Born on December 31, 1995 in Virginia Beach,Virginia, Gabrielle Douglas began gymnastics at 6 and won a state championship at 8. Olympic gymnast, Gabby Douglas is best known as the first African-American to win the individual all-around event. She won a team gold medal for the US at 2012 Summer Olympics. Douglas has a unique blend of power, flexibility, body alignment which leads to her comparison to Diminish Dawes. She is currently a member of the 2016 Olympic team and we wish Gabby new victories.
Earvin Johnson Jr. was born in Lansing, Michigan to Earvin Sr., a General Motors assembly worker, and Christine, a school custodian. Johnson, who had six siblings, was influenced by his parents’ strong work ethic. Johnson’s mother spent many hours after work each night cleaning their home and preparing the next day’s meals, while his father did janitorial work at a used car lot and collected garbage, all while never missing a day at General Motors. Earvin Jr. would often help his father on the garbage route, and he was teased by neighborhood children who called him “Garbage Man” . Magic along with Larry Bird actually saved basketball. Its popularity was going downhill toward the end of the 1970s, but their classic national championship game in 1979 between Michigan State and Indiana State revived basketball going into a new era.
Maritza Correia was born on the 23rd of December 1982. In 2002, she made history when she became the first Black woman to break an American record. She later became the first Black woman to earn a place on the US Olympic swim team. At the age of 7, she had scoliosis. Swimming helped mitigate the effects of the disorder and later became her passion. She works with her sponsors, Nike, to promote their swimwear line.
After graduating from high school in 1979, Carl Lewis dedicated himself to track and field and intended to make a living from it. As a Black American athlete he doubles as a nine time Olympic gold medalist. Carl Lewis won gold over three Olympics and was the great star of 1980s track and field. We are proud of him as a Black community. The adage “Change your thoughts and you change your world” best characterizes him.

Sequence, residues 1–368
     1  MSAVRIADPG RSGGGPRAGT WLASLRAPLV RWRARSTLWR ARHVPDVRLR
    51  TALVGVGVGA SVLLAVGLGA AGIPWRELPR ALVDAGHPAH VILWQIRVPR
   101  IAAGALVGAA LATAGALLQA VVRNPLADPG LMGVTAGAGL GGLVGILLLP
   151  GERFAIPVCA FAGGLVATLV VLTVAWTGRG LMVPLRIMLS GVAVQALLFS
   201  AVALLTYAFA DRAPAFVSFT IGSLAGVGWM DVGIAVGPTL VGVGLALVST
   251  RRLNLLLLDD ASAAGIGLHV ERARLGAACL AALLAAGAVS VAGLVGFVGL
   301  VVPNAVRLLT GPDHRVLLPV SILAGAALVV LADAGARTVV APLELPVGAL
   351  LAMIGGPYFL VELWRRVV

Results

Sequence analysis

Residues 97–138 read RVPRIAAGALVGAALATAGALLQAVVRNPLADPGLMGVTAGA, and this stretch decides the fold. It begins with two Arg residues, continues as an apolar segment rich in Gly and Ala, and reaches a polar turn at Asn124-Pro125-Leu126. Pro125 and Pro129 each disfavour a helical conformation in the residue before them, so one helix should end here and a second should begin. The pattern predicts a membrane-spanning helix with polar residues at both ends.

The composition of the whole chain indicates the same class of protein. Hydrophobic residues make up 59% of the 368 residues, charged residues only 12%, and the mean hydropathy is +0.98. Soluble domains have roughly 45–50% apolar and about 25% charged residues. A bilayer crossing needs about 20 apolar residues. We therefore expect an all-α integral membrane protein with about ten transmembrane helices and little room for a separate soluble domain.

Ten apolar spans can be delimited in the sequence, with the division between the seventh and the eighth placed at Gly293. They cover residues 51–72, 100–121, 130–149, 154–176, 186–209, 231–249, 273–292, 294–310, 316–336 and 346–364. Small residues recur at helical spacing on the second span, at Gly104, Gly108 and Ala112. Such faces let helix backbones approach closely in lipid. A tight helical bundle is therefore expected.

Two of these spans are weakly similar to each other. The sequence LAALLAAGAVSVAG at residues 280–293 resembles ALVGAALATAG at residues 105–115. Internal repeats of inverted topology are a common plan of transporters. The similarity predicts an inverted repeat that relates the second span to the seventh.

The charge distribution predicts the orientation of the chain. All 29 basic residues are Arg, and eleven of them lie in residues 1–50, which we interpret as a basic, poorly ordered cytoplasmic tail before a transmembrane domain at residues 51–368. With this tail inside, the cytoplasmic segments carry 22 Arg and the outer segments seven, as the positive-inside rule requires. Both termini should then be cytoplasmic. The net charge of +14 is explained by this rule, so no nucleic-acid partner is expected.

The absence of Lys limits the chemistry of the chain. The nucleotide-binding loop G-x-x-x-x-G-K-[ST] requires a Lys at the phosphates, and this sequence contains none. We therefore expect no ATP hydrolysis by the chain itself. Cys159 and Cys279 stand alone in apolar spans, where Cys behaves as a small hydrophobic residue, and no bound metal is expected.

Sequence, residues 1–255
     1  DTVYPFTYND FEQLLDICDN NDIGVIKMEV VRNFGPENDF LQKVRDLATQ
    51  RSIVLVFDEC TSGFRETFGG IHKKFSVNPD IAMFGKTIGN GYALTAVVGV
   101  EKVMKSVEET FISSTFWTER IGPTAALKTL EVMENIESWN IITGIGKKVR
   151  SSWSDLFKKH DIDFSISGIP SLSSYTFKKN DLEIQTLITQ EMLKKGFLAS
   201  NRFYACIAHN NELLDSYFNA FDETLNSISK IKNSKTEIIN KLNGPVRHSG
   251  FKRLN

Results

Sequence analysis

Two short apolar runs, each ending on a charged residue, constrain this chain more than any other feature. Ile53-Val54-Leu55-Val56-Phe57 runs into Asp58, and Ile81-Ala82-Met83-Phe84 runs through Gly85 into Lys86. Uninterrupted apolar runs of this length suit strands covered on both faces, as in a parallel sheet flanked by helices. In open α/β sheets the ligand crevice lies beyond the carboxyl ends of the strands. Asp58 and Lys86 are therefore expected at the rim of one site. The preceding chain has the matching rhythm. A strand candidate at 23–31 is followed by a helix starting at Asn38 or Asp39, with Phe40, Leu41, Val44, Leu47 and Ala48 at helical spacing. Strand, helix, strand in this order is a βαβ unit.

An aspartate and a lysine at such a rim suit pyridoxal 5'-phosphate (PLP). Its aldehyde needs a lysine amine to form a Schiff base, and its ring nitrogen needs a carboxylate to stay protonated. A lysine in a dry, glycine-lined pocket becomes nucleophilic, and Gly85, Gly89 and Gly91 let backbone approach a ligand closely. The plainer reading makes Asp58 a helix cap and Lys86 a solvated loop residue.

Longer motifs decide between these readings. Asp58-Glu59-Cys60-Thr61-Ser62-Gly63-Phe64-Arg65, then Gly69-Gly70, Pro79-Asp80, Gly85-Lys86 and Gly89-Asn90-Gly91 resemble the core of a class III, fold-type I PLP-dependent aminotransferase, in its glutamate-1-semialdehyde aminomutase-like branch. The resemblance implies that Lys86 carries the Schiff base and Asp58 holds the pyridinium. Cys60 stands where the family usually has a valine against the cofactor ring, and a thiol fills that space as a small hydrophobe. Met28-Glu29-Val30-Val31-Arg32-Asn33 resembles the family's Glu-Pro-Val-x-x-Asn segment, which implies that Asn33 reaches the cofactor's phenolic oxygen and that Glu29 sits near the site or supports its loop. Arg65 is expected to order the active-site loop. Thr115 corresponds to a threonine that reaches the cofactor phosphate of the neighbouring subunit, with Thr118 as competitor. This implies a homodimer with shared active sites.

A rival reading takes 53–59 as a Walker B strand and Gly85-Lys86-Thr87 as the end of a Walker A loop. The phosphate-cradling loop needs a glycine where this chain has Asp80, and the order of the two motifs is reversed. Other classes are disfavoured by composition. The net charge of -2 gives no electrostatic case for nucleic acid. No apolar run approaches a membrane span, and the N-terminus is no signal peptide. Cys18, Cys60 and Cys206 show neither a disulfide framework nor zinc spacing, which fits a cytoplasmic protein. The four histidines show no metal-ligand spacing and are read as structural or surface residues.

LeBron James was born on December 30, 1984 in Akron, Ohio to a 16-year-old mother, Gloria Marie James, who raised him on her own. Growing up, life was often a struggle for the family. As an African American basketball player, James has had an unprecedented career in his sports field. Before James completed high school basketball scouts were discussing his chances of playing for the National Basketball Association (NBA). Before playing his first regulation game for the NBA, James had signed deals with Nike and other corporations for multimillion-dollar product endorsement. He is our Black hero.
These great people of color show us with their examples that being Black in America is not necessarily a curse. You can become successful whatever your skin color is. Stay Black and remain proud!
Kindly SHARE this article on any social media of your choice to promote Black pride.